Laser-Guided Karma: This occurs at almost every single time. Whenever there's an engine who is being either rude, haughty, or stubborn, they will get themselves into an unfortunate mishap or accident, not to mention they will receive ridicule from the other engines. This often causes the engine to become nicer and wise enough to not make the same mistakes again.
Lazy Artist: C. Reginald Dalby. He could have easily gone down to the station near his house to see real engines to base his illustrations on, or he could have looked at photographs, but he didn't. He couldn't be bothered to be keep engines' proportions consistent (resulting in Percy eventually looking like, as Awdry put it, "a green caterpillar with red stripes") or even keep track of how many wheels he drew Henry with. This was the reason for Henry's rebuild - Awdry had to have him rebuilt as a specific real class of locomotive so that he could send Dalby reference photos.
Long Runner: Book 1 was published in 1945, Book 42 was published in 2011.
Malicious Slander: Diesel uses this to try and get rid of Duck. Gordon, Henry and James are fooled, but not the Fat Controller, and Diesel ends up exposed and sent packing when he tries to slander Henry.
Real Life Writes the Plot: Skarloey Railway locomotives sometimes visit the Talyllyn Railway, a move designed to write in the fact that Talyllyn locomotives are sometimes decorated to look like their Skarloey counterparts
Recurring Extra: The Works Diesel, a BR Class 47 who has appeared, unnamed, since Book 28, but is described by the other engines as friendly.
Sequel Hook: The Fat Controller says in Wilbert the Forest Engine that if Wilbert performs well, he knows where to find another engine like him.
Shout-Out: The Non-Standard-Gauge railways on Sodor are based on real life ones. The Skarloey railway is based on the Tallylln railway, the small railway is based on the Ravenglass and Eskdale Railway and the Culdee Fell is based on the Snowdon mountain railway.
The title for Thomas And His Friends was most likely a shout out to the television series.
The fireman who got annoyed at Henry for spilling his hot chocolate instead of crashing into the back of the Brake Van and almost killing him.
The Painter that got angry at Henry for spilling his paint rather then making him lose his balance on the ladder.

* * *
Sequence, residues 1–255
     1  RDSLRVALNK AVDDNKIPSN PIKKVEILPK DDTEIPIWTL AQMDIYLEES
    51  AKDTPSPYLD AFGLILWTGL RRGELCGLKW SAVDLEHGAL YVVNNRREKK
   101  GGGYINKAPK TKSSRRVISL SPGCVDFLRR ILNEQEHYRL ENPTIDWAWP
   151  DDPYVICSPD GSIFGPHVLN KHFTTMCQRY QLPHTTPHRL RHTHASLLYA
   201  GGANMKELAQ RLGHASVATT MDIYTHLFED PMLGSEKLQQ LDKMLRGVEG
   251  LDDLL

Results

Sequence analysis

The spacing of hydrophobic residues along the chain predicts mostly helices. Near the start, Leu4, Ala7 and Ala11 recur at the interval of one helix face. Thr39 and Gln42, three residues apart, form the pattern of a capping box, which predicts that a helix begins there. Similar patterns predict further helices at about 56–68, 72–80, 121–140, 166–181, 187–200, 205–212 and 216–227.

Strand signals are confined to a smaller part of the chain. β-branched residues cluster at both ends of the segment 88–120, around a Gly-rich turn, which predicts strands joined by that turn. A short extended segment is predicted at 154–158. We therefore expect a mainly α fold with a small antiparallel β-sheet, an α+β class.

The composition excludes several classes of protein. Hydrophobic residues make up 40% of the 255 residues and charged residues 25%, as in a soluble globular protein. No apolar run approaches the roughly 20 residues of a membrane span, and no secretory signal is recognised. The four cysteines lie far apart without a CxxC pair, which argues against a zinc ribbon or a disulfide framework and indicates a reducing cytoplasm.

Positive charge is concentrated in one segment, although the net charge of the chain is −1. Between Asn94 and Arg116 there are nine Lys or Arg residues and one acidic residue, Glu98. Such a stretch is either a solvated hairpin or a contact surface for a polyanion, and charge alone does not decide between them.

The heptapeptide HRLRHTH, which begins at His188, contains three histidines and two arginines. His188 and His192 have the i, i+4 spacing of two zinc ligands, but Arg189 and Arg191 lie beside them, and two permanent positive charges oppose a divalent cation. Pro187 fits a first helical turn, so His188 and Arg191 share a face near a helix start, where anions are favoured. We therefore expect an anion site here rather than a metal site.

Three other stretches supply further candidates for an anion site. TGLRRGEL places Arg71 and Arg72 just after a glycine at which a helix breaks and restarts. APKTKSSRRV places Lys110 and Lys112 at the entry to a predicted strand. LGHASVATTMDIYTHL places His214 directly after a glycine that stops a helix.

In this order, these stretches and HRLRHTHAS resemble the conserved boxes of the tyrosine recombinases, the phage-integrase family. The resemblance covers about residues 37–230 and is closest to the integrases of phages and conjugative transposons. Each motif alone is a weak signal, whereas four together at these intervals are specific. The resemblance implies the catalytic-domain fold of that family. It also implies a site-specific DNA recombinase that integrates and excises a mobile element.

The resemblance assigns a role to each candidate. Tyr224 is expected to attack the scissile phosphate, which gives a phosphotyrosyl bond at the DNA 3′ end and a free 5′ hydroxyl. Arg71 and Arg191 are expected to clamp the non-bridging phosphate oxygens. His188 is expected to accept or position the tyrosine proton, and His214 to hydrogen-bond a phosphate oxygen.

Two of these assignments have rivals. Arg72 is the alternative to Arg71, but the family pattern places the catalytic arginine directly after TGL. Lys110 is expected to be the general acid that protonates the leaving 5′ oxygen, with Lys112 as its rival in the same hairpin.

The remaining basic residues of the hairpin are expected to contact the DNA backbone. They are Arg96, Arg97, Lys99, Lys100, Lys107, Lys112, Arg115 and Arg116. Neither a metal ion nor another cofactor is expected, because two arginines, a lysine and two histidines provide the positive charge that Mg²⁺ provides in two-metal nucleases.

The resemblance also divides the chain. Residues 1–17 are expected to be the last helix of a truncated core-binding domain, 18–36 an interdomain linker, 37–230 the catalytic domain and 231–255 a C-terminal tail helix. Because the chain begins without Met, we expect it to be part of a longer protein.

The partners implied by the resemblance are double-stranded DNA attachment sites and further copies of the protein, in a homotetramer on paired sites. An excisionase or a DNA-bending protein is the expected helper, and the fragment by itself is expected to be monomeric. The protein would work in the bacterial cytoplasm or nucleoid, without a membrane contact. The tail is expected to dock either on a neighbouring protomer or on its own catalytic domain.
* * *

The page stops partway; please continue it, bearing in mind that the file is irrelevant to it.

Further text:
The Barber that got angry with Duck for frightening his customers rather then crashing into the Barber shop which may of endangered the lives of said customers.
The Signalman that got annoyed with Donald for jamming his points and not endangering his life.
The Station Master's wife who chewed out Thomas for ruining her and her family's breakfast instead of crashing into the house and endangering the life of her family.
Small Name, Big Ego: A recurring character trait for several engines, but particularly Gordon, James and Sir Handel. Thomas also became one though was eventually toned down a little under Christopher Awdry's pen.
Space Whale Aesop: Don't be reckless or put yourself into dangerous situations or you might have your body parts used to heal your sick friends.
Steam Never Dies: Not on Sodor, at any rate. Due to the degree of operating independance given to the North Western Railway under British Rail the mass-dieselization order did not apply, and since the railway is still turning a decent profit after Privatisation the Fat Controller sees no reason to change things - especially given the years of hard work the engines have all put in.
Take That: In one story, Thomas refers to Percy as a "green caterpillar with red stripes". This was the exact wording that the Reverend used when he reacted poorly to earlier illustrations of Percy by Reginald Dalby. Dalby didn't take it too well.
Twin Switch: Donald and Douglas in The Missing Coach, Bill and Ben in The Diseasel.
Unusually Uninteresting Sight: Many people's reactions to engines causing destruction and havoc are extremely tranquil. Take this underwhelming reaction from a barber after Duck crashes into his shop: